The diversity of the naïve T cell repertoire was initially estimated prior to the advent of deep sequencing technologies by the use of spectrotyping, which involved amplifying mRNA from particular V-J sequence combinations, separating the amplified products on the basis of size, and exhaustive conventional sequencing of a particular length CDR3 product. The diversity of TCR sequences in this sample was then extrapolated to the total T cell population.
2.2.1. TCR diversity and clone size in humans
Arstila et al. (22) used spectrotyping to estimate that there are 106β chains in the blood each pairing on average with at least 25 different α chains, and consequently proposed a lower bound to the estimate of the T cell repertoire in humans of around 2.5 × 107 specificities. Advances in deep sequencing have confirmed that estimation of β chains is in the range of 1 − 4 × 106 (20, 23, 24).
There is however considerable uncertainty about the extent to which 2.5 × 107 specificities underestimates the diversity of T cells in humans (25, 26). A repertoire of 2.5 × 107 suggests a naïve clone size on average of over 4 × 103 cells (>1011/(2.5 × 107)). This could happen if each clone gets produced multiple times or if once produced a given clone would undergo about 12 rounds of division. The first scenario is unlikely, given the very large estimates of potential diversity (19–21). If the second scenario happens, it must occur in the periphery. Expansion of clones in the thymus would result in a much lower frequency of detectable T cell receptor excision circles (TRECs) in the naïve pool of recent thymic emigrants than is currently observed (27–29). Arstila et al. points out that naïve T cells in the periphery could divide more than 12 times during a human lifespan (26). However, as the total number of naïve T cells remains relatively stable (because division is balanced by death) changes in clone size would have to arise from stochastic drift and this seems unlikely.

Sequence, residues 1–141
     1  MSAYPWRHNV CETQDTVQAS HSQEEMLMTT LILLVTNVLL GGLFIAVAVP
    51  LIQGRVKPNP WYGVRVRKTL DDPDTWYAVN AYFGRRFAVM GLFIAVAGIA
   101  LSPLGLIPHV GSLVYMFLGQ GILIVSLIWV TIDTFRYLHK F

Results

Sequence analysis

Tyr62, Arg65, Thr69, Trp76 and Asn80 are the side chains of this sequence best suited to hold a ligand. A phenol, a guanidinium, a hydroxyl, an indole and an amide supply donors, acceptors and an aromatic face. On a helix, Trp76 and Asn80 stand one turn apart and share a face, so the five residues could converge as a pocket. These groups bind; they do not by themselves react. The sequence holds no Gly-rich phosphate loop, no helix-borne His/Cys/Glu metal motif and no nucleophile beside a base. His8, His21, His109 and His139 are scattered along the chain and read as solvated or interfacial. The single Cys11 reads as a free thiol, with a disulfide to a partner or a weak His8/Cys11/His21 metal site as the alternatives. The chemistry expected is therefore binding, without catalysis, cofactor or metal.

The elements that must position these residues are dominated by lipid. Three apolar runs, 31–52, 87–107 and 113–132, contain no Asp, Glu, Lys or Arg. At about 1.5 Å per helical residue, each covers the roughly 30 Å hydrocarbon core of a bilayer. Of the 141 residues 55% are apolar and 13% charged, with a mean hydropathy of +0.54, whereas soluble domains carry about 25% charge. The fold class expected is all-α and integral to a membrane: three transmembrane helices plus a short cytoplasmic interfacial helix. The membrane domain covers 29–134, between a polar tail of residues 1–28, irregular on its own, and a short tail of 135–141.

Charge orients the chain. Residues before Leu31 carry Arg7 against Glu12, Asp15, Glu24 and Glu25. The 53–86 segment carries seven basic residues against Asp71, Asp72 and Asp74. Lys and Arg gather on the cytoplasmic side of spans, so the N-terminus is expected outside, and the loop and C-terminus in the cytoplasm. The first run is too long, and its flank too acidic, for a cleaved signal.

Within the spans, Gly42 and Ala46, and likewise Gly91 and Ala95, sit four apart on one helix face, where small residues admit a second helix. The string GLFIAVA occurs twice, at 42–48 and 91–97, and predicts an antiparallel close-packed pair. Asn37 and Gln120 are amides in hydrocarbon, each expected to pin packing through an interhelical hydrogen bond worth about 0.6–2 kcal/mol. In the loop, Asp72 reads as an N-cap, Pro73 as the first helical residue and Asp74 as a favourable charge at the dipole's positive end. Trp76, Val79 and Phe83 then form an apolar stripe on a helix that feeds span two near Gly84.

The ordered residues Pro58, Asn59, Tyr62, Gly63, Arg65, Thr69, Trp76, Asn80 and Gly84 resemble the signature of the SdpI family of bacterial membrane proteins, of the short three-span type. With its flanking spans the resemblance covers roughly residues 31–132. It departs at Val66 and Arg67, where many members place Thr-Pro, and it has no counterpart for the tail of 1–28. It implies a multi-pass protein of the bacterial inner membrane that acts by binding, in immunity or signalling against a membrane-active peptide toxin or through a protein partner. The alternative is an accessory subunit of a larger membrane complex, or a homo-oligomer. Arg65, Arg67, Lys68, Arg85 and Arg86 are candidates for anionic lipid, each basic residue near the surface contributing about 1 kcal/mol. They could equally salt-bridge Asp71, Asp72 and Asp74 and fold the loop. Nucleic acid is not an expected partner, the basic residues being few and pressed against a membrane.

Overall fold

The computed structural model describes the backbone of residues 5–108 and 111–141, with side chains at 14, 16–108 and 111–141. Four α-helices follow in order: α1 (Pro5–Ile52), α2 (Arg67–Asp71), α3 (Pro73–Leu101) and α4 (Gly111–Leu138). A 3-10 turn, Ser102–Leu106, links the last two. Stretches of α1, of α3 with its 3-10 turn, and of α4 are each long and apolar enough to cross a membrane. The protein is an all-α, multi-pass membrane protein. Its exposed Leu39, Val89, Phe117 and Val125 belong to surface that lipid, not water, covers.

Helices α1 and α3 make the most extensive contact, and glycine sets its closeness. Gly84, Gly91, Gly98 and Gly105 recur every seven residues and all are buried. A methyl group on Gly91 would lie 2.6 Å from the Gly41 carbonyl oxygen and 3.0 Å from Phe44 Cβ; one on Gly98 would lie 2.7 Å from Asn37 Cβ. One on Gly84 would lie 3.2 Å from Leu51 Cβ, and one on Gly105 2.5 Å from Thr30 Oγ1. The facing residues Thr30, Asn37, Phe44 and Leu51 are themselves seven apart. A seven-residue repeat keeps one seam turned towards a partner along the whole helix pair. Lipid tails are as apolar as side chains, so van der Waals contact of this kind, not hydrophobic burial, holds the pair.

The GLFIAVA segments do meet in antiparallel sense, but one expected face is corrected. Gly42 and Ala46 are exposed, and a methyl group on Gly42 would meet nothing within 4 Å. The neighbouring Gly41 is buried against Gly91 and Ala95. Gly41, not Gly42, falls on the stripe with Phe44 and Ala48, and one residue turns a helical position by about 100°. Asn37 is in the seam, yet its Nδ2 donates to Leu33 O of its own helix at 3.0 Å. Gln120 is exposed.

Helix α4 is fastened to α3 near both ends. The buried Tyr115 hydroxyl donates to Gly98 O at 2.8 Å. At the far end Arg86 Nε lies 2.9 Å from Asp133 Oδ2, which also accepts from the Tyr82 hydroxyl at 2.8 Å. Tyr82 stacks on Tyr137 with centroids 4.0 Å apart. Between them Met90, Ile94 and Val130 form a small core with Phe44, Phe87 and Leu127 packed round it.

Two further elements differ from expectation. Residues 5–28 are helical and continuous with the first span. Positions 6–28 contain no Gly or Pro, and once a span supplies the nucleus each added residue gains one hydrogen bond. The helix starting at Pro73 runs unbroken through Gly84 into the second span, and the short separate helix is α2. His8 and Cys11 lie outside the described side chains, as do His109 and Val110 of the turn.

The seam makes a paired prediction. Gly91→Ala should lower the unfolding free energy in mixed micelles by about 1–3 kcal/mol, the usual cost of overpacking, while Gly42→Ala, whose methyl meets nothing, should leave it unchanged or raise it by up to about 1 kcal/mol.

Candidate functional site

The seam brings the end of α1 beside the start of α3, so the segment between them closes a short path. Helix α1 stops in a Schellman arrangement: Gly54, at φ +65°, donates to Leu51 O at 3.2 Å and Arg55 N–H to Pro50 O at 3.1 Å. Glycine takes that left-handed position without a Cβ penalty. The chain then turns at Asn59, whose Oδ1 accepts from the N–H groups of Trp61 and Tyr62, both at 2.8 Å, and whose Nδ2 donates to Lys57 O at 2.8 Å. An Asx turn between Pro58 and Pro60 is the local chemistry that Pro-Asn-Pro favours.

2.2.2. TCR diversity and clone size in mice
Interestingly, it was estimated that TCR β chain diversity in mouse spleen is quite similar to the one measured in human blood. The β chain repertoire of 5 − 8 × 105 specificities with each variable domain of β chain sequence being shared by 30–40 T splenocytes have been reported using spectrotyping technology (30). Pairing with α chain was estimated to add a factor of 2.4 and resulted in total αβ TCR diversity of 2 × 106. Taking into account that there are 2 × 107 splenocytes it was estimated that the clone size of αβ TCR is equal to 10 cells (30). The bias in recombination and α-β TCR pairing will likely affect the T cell clone size. A recent study that enumerated the number of naïve T cells specific for different epitopes suggests that there are between 15 and 1500 unique cells in the mouse spleen specific for any given epitope, implying that the number of naïve cells with a given TCR α-β combination is very small, and indeed that most clonotypes have clone size of one (31, 32). This is in contrast with the earlier estimates that suggest an average clone size of 10 cells/clone in the spleen (30). Consequently, it brings the repertoire in the spleen toward the total number of naïve T cells in the spleen, and increases the lower bound of the total αβ T cell repertoire in the mouse by an order of magnitude. In this case the estimate of 2 × 107 specificities becomes very close to a lower bound estimation for human T cell repertoire.
2.2.3. Limitations in estimates of realized diversity